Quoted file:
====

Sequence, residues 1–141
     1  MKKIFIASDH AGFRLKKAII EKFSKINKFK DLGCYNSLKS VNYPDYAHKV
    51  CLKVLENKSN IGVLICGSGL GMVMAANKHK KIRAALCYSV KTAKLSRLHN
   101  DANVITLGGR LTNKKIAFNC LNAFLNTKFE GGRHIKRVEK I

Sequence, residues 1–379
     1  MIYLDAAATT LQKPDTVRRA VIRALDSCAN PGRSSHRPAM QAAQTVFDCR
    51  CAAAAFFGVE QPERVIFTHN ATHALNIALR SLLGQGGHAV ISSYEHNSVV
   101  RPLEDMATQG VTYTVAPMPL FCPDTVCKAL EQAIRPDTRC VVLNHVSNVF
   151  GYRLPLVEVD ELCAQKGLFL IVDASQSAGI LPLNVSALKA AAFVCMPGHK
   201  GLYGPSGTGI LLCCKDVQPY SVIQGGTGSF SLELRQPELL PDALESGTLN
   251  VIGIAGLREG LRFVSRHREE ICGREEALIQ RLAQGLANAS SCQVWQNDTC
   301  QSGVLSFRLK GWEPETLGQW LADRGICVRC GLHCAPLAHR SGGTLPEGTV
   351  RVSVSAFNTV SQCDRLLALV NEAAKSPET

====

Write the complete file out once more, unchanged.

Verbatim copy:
Sequence, residues 1–141
     1  MKKIFIASDH AGFRLKKAII EKFSKINKFK DLGCYNSLKS VNYPDYAHKV
    51  CLKVLENKSN IGVLICGSGL GMVMAANKHK KIRAALCYSV KTAKLSRLHN
   101  DANVITLGGR LTNKKIAFNC LNAFLNTKFE GGRHIKRVEK I

Sequence, residues 1–379
     1  MIYLDAAATT LQKPDTVRRA VIRALDSCAN PGRSSHRPAM QAAQTVFDCR
    51  CAAAAFFGVE QPERVIFTHN ATHALNIALR SLLGQGGHAV ISSYEHNSVV
   101  RPLEDMATQG VTYTVAPMPL FCPDTVCKAL EQAIRPDTRC VVLNHVSNVF
   151  GYRLPLVEVD ELCAQKGLFL IVDASQSAGI LPLNVSALKA AAFVCMPGHK
   201  GLYGPSGTGI LLCCKDVQPY SVIQGGTGSF SLELRQPELL PDALESGTLN
   251  VIGIAGLREG LRFVSRHREE ICGREEALIQ RLAQGLANAS SCQVWQNDTC
   301  QSGVLSFRLK GWEPETLGQW LADRGICVRC GLHCAPLAHR SGGTLPEGTV
   351  RVSVSAFNTV SQCDRLLALV NEAAKSPET